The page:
September employment hits highest level since 2008; August spending slidesEditor’s note: Construction Citizen is proud to partner with AGC America to bring you AGC Chief Economist Ken Simonson's Data DIGest. Check back each week to get Ken's expert analysis of what's happening in our industry.Nonfarm payroll employment in September increased by 156,000, seasonally adjusted, from August and by 2,447,000 (1.7%) year-over-year (y/y), the Bureau of Labor Statistics (BLS) reported today. The unemployment rate (5.0%) inched up from 4.9% in August, as the number of jobseekers increased more than hiring. Construction employment (6,669,000) increased by 23,000 from the upwardly revised August total to the highest level since December 2008. Over the past 12 months, industry employment rose by 218,000 or 3.4%, twice as fast as total nonfarm employment. Residential construction employment (residential building and specialty trade contractors) rose by 15,700 for the month and 146,000 (5.9%) y/y.   
October 11, 2016
Number of metros with job gains hits three-year low; nonresidential starts rise sharplyEditor’s note: Construction Citizen is proud to partner with AGC America to bring you AGC Chief Economist Ken Simonson's Data DIGest. Check back each week to get Ken's expert analysis of what's happening in our industry.Construction employment, not seasonally adjusted, increased from August 2015 to August 2016 in 220 (61%) of the 358 metro areas (including divisions of larger metros) for which BLS provides construction employment data, decreased in 76 (21%) and was stagnant in 62, according to an AGC release and map on Wednesday. (BLS combines mining and logging with construction in most metros.) The number of metros with increases was the smallest since April 2013 but the number with decreases was similar to other months; this could suggest contractors in some metros are unable to find the workers with requisite skills. The Denver-Aurora-Lakewood metro area again added the most (11,400 combined jobs, 12%), followed by the Anaheim-Santa Ana-Irvine, Calif. division (10,200 construction jobs, 11%) and Orlando-Kissimmee-Sanford (10,200 construction jobs, 17%) and the %).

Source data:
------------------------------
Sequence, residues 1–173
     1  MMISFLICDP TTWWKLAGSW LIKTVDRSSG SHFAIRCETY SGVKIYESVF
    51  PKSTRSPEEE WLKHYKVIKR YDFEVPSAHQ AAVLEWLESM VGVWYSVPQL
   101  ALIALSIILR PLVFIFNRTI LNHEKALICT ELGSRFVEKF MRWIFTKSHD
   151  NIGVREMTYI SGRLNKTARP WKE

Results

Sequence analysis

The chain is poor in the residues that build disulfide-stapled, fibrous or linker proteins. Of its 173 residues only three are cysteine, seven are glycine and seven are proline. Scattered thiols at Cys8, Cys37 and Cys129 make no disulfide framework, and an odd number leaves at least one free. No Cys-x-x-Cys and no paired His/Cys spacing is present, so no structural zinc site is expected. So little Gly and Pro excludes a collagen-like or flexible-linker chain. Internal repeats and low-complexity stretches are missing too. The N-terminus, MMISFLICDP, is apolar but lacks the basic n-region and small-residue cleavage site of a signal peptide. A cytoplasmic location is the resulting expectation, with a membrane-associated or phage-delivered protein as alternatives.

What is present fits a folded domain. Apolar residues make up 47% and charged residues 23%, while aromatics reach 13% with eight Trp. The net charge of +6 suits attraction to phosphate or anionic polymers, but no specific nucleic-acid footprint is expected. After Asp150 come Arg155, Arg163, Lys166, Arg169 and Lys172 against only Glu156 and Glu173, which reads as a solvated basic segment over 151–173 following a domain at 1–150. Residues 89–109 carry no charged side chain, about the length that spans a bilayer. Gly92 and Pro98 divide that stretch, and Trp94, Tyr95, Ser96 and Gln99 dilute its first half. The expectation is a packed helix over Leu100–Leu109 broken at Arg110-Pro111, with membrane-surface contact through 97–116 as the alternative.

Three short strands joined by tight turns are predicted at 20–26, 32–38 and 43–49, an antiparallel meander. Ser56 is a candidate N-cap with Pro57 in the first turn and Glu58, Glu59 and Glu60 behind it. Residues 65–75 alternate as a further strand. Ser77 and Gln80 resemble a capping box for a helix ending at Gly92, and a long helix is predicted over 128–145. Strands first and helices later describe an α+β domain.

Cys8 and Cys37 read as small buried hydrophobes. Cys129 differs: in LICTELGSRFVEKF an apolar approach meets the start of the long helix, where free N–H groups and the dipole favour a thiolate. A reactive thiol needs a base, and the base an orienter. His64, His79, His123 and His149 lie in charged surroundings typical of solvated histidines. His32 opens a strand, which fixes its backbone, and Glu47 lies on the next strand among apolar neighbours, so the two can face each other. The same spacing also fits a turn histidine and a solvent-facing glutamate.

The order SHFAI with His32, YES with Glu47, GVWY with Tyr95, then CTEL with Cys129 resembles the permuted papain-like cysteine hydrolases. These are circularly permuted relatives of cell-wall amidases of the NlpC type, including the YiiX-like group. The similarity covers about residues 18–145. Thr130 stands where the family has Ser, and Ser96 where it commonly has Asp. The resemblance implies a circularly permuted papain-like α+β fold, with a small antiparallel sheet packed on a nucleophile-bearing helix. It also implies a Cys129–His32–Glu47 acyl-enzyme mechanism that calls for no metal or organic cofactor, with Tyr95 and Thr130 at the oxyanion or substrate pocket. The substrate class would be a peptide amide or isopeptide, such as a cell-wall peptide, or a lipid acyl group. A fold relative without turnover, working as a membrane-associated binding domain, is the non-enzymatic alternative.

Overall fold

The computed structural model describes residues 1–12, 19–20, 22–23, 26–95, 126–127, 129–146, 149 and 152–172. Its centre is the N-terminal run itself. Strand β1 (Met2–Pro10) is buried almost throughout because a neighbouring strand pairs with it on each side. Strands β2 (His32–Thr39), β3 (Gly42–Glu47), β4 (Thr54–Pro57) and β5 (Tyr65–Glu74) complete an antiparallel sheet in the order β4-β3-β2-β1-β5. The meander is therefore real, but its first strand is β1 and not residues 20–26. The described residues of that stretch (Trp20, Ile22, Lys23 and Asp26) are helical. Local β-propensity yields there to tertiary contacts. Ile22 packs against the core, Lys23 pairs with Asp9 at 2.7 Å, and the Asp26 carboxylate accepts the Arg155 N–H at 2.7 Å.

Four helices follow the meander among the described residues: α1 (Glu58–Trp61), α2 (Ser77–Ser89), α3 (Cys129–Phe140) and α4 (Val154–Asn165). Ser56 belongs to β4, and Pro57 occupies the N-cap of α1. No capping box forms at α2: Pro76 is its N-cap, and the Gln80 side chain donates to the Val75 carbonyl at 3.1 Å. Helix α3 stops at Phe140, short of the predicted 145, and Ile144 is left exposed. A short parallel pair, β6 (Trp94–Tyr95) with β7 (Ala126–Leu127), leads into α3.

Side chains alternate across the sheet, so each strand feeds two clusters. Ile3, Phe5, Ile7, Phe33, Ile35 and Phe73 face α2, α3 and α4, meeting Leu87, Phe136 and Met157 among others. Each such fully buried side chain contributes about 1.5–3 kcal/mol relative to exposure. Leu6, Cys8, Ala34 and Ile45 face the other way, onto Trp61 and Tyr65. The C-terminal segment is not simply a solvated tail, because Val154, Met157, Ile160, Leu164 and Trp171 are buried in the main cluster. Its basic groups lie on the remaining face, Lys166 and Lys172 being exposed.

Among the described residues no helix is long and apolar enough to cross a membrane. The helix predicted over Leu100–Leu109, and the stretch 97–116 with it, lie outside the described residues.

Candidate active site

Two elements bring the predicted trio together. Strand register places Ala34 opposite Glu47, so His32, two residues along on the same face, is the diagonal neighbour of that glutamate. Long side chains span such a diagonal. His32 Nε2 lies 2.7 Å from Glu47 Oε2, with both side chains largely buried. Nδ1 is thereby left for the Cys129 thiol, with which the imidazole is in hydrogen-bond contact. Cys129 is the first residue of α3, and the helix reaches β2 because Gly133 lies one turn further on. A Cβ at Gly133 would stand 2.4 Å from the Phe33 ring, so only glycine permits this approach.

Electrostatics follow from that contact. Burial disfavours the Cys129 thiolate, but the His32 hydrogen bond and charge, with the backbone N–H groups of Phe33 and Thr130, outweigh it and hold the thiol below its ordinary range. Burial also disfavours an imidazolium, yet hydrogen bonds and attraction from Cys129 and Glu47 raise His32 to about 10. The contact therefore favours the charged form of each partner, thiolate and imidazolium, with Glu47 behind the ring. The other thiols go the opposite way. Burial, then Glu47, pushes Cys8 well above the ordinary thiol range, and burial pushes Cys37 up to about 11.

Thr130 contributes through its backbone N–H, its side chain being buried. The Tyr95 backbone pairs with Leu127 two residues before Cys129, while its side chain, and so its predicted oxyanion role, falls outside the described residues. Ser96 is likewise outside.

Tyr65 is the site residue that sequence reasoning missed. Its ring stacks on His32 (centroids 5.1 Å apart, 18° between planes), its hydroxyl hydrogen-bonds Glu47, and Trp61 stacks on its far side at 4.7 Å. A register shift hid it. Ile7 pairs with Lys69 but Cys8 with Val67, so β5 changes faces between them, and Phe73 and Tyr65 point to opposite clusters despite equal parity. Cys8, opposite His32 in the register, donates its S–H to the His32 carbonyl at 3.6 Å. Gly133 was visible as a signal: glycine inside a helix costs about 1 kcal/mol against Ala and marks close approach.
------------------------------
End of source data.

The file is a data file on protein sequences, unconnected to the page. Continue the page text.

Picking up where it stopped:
October 04, 2016